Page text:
In my case. I am using this method to compare  CM3 and CM3Lite to the RPi3 and Pi Zero W. As part of PTS  there are various types and flavors of benchmarks you can run, to read more about this check out - http://openbenchmarking.org/tests/pts . In my case, I selected a encode-flac which is CPU based test, ramspeed to compare the RAM speeds and iozone to compare the flash memory give that the CM3 use 4GB eMMC Flash instead of using an SD card for the operating system.


Before you run the tests, you will have to download and install PTS using the following commands

sudo apt-get update
sudo apt-get install php5-cli
git clone https://github.com/phoronix-test-suite/phoronix-test-suite/
cd phoronix-test-suite
sudo ./install-sh


Now to run the encode-flac , which is used to benchmark your CPU you will have to install the PTS repo for encode-flac using the following command

phoronix-test-suite install pts/encode-flac


Basically this simple test determines the time it takes the CPU to encode a sample WAV file into a FLAC format. To run the test for the first time use

phoronix-test-suite benchmark pts/encode-flac




Enter the details of request at each prompt. And also make a note of the unique id, which we will use to run and compare another version of the Pi, using the command

phoronix-test-suite benchmark 1709152-BE-PICM3ENCO05


Link to the benchmark - https://openbenchmarking.org/result/1709225-BE-1709151BE13  If you are interested in running the benchmark on your linux laptop or a single board computer like the Beaglebone, with the same options/parameters I used.




To test the RAM speed we are going to use ramspeed ,  this test is capable of running with a variety of parameters as you see in the screenshot below, and if you have time you can run through all the test, in my case I ran all possible test. Remember if you are planning to run all the test this take a couple of hours CM3/CM3L or even more as shown in the results below and for the Pi zero this took almost half a day.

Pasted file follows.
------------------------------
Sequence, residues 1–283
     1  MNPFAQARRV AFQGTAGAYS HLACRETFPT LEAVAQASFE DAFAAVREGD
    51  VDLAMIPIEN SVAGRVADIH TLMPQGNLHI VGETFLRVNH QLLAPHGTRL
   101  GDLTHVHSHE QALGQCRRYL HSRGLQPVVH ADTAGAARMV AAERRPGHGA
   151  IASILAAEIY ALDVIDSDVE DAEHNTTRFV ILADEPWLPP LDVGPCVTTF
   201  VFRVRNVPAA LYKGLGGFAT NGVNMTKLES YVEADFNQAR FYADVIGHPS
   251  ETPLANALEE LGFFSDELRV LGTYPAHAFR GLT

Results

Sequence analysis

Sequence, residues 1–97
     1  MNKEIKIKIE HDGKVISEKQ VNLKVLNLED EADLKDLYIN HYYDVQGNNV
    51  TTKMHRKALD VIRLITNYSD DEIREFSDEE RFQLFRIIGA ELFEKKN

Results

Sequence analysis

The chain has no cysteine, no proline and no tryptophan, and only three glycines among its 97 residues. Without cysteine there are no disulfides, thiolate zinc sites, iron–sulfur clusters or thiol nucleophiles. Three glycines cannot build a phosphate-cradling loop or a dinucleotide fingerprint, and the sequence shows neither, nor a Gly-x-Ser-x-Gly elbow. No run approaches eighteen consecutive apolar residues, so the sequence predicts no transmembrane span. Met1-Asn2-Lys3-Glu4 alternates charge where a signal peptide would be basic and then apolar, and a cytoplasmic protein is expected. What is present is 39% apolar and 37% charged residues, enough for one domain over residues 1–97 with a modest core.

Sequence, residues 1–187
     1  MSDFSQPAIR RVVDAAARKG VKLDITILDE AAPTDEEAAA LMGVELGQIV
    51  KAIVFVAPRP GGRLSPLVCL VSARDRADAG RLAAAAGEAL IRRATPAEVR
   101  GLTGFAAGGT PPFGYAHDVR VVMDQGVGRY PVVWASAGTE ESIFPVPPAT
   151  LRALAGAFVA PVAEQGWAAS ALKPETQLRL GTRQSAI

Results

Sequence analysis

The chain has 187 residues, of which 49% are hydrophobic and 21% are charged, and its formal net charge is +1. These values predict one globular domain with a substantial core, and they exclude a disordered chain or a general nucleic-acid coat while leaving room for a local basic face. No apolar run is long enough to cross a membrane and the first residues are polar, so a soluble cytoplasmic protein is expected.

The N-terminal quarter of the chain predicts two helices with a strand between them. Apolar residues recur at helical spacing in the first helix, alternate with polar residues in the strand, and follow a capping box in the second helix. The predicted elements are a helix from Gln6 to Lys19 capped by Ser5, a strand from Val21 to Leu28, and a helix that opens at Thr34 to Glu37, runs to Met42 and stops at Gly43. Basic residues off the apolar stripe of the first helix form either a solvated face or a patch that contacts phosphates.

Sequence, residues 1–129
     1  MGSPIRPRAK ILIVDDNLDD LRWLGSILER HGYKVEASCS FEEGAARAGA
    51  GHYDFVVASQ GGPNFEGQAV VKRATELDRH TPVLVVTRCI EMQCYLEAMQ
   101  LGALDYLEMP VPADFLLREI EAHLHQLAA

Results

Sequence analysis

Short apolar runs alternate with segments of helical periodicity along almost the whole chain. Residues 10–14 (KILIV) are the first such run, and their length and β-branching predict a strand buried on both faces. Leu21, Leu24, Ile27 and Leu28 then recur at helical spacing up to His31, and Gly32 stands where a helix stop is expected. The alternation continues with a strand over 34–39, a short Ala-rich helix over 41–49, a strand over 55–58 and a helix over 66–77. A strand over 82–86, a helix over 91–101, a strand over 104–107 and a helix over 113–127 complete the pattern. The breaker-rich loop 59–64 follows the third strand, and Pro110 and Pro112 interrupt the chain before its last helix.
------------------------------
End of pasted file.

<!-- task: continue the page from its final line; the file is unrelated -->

phoronix-test-suite install pts/ramspeed
phoronix-test-suite benchmark pts/ramspeed


As part of the chart below you can ignore the top bar that say ramspeed, this was first run on the CM3. Basically,I wanted to check if there was a huge difference between two runs using the same hardware. Here is the link to the benchmark  -http://openbenchmarking.org/result/1709167-BE-1709159BE47





Another test that I wanted to perform is to check the access times of the SD card, this is an interesting test to perform given that the CM3 use 4GB eMMC Flash instead of an SD card,. This test is called the IOzone used to test the hard disk drive / file-system performance.


phoronix-test-suite install pts/iozone
phoronix-test-suite benchmark pts/iozone



For all the results and charts check out the link at- http://openbenchmarking.org/result/1709162-BE-1709154BE11



As part of the second half of the Road test, I am going to try and attach official Raspberry Pi hardware like the 7" display and Pi Camera's. Here I wanted to test attaching two Pi cameras which is a perquisite for a future project using OpenCV. I am still a noob at OpenCV and have a friend helping me  out, who has a couple of years experience with OpenCV and is an expert at image processing.

Here I also wanted to mention that this part of the road-test came with fair share of issues, which I over came with some trial and error and going through the forum post.  I have covered the workarounds to issues I faced and provide link to forum post below.


Attaching two camera to CAM0 and CAM1 ports

To attach two cameras I followed the documentation at the link  https://www.raspberrypi.org/documentation/hardware/computemodule/cmio-camera.md. As part of the dev kit, you get only one camera adapter board connector,  which means you either need to buy another similar connector or you can use Pi Zero camera connector cable for the second camera, which is the yellowish cable you see in the picture below, this is something read about on a form post.



In my case I am using an old Raspberry pi camera v1.2 and Pi NoIR v2.1 camera connected to CAM1 and CAM0 respectively on the compute module development board, as those are the two pi cameras I had handy. As part of the setup, I also downloaded the dt-blob-dualcam.dts file using wget and converted that into a dt-blob.bin file.